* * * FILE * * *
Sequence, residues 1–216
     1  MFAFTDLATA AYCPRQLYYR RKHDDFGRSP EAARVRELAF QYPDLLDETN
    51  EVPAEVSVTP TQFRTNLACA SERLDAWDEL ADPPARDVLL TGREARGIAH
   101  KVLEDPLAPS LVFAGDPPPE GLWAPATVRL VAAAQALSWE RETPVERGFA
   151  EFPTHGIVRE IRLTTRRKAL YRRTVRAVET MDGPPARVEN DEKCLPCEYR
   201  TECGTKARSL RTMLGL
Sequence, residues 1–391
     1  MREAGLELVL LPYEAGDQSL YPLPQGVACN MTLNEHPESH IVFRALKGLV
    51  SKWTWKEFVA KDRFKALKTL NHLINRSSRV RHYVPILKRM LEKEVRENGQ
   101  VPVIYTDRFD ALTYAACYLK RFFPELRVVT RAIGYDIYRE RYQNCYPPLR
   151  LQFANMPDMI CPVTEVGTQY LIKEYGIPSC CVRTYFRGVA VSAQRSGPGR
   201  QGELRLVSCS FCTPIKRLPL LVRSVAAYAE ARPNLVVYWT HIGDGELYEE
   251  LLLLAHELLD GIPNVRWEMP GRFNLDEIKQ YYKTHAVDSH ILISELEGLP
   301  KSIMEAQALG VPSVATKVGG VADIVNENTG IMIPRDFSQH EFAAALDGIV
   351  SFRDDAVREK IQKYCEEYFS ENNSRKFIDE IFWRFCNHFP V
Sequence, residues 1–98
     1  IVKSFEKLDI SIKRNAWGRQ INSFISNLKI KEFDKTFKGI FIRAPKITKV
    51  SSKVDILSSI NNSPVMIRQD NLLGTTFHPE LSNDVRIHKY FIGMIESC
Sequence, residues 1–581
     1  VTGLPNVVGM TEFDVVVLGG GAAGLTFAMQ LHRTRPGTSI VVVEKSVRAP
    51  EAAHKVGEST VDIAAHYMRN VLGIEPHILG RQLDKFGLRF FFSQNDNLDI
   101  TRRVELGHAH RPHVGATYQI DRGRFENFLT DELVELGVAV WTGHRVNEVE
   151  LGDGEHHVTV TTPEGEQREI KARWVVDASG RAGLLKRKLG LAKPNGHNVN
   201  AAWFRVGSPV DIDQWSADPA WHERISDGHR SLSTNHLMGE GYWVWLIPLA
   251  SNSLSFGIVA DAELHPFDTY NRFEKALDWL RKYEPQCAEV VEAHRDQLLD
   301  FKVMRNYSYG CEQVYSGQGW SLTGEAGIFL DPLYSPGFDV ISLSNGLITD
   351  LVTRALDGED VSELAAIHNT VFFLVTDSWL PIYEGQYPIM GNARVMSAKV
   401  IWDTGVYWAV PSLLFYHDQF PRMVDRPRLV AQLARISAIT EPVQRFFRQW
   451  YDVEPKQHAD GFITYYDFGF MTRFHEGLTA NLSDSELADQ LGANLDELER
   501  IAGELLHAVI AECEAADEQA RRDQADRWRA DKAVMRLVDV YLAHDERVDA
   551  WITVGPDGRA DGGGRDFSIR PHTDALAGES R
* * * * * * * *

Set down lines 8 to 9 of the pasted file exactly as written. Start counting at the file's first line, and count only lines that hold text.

     1  MREAGLELVL LPYEAGDQSL YPLPQGVACN MTLNEHPESH IVFRALKGLV
    51  SKWTWKEFVA KDRFKALKTL NHLINRSSRV RHYVPILKRM LEKEVRENGQ